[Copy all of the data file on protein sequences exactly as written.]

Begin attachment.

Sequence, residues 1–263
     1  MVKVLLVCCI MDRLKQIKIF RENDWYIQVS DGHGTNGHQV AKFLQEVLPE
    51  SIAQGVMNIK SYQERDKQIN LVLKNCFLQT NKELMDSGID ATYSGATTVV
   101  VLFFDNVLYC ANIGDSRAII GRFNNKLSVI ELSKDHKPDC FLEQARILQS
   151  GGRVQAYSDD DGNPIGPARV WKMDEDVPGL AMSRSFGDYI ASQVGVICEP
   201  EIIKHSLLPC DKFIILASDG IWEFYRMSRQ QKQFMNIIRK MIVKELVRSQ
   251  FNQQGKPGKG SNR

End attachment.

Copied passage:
Sequence, residues 1–263
     1  MVKVLLVCCI MDRLKQIKIF RENDWYIQVS DGHGTNGHQV AKFLQEVLPE
    51  SIAQGVMNIK SYQERDKQIN LVLKNCFLQT NKELMDSGID ATYSGATTVV
   101  VLFFDNVLYC ANIGDSRAII GRFNNKLSVI ELSKDHKPDC FLEQARILQS
   151  GGRVQAYSDD DGNPIGPARV WKMDEDVPGL AMSRSFGDYI ASQVGVICEP
   201  EIIKHSLLPC DKFIILASDG IWEFYRMSRQ QKQFMNIIRK MIVKELVRSQ
   251  FNQQGKPGKG SNR